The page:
Not for the first time I think: “I’m in it. I’m in the wild.”
Turning down a street, I see a small bar. Inside, I speak to a woman named Joanne while I chug down a large glass of icy coke. She tells me to head down the road until I get to a stop sign. To go straight. She tells me I’ll see a lot of… And then she pauses while choosing her word carefully.
“Well, some people would call it junk, but don’t call it that in front of Bill,” she says.
Bill is the guy I’m looking for. He’ll rent me a small cabin for the night, but I’m to come back to the bar later for dinner and a beer. Joanne will be expecting me. I greedily finish my drink and head off.
Now, I’ve seen glorious things before. Real natural beauty that takes your breath away, and spectacles of extraordinary wowness. Things that you’re supposed to ooooh and ahhhh at. Things that are constantly surrounded by the whir of camera motors snapping and an air of ohhlala. But here’s a confession: my brain is equally seduced by the allure of a mighty collection of old, ratty-ass junk.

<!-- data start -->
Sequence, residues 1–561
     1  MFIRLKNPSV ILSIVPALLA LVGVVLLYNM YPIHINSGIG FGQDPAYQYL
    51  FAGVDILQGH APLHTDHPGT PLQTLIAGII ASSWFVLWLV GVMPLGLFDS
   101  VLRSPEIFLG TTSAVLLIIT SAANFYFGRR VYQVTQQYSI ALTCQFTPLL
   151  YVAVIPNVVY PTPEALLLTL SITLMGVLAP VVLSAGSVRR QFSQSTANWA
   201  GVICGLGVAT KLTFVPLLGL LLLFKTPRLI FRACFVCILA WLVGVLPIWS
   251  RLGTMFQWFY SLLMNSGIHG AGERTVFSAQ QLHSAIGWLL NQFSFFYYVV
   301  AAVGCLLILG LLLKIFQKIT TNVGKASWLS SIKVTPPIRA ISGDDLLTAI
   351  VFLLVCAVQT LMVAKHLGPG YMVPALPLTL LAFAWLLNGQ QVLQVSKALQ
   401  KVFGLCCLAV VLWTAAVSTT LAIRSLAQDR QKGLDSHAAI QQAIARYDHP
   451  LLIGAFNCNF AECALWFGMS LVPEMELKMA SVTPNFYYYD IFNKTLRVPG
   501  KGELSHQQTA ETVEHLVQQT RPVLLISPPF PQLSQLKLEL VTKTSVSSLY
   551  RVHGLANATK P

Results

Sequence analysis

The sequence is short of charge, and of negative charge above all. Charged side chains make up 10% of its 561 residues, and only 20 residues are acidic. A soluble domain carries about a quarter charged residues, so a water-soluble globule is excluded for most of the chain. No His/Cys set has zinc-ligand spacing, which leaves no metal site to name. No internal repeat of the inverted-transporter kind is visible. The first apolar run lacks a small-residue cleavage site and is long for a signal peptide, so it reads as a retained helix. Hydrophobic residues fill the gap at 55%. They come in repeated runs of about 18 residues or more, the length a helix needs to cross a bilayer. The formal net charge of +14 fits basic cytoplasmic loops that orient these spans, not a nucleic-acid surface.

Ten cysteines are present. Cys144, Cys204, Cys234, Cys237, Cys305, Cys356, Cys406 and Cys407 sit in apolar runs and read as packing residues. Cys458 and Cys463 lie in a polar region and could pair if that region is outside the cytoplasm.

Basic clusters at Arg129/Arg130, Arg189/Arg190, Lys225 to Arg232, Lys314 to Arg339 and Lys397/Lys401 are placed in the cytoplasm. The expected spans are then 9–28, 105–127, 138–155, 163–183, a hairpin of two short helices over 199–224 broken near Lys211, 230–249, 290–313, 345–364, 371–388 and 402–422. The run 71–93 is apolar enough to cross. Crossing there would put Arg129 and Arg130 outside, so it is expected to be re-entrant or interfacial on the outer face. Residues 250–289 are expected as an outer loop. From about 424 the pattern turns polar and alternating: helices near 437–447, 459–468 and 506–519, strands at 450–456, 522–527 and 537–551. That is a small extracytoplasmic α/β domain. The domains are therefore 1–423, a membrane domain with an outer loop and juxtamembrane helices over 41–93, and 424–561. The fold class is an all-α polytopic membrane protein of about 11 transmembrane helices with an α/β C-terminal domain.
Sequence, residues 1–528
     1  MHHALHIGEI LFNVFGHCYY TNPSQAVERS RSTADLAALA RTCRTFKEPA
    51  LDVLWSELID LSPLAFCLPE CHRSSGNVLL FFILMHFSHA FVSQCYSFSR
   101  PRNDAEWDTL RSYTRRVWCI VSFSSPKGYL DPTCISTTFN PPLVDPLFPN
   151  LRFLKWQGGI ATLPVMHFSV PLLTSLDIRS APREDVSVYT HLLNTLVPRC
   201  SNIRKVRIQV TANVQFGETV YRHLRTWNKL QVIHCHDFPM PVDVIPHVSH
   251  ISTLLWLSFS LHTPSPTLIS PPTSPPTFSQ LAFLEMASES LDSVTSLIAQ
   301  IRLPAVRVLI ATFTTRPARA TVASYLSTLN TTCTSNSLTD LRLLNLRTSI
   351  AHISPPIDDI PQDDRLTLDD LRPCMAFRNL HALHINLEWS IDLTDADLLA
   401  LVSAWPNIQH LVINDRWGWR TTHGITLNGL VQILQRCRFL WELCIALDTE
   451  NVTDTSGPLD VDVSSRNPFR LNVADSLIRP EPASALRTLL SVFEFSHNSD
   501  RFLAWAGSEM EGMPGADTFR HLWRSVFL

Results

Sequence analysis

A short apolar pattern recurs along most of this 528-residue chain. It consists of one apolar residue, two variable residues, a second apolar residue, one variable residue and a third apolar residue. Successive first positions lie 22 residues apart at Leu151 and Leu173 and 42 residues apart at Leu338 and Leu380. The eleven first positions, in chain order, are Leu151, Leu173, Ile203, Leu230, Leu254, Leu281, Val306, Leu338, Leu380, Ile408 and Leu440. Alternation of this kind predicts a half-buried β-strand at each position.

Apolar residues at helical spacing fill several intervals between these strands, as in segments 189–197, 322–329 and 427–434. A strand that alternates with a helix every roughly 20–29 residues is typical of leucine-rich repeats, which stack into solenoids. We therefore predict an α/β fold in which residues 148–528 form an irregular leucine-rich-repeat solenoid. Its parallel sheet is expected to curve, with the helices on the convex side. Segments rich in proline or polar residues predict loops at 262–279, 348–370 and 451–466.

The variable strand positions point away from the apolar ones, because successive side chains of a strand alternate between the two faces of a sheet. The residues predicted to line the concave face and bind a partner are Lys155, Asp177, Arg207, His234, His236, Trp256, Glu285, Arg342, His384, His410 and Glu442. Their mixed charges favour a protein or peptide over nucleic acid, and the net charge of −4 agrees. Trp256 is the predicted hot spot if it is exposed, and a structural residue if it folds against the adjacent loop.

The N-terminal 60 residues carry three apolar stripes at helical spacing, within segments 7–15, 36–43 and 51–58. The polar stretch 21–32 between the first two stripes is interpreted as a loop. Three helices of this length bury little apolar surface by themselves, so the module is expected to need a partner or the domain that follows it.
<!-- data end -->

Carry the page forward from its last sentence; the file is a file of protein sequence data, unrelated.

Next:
And I hit paydirt at the end of the street.
Old and dead car carcasses litter the grass. Ancient advertising signs smile at me. Animal skulls and pelts hang shyly from the facade of the most tricked out garage of knick-knacks ever. Motorcycles, hubcaps, hay rakes, and a prehistoric Pepsi machine. A fake (I assume) human skeleton ‘hangs’ from a light fixture out the front. An old hot rod (or rat rod as I find out is the correct terminology) hulks out the front with a skeletal passenger inside.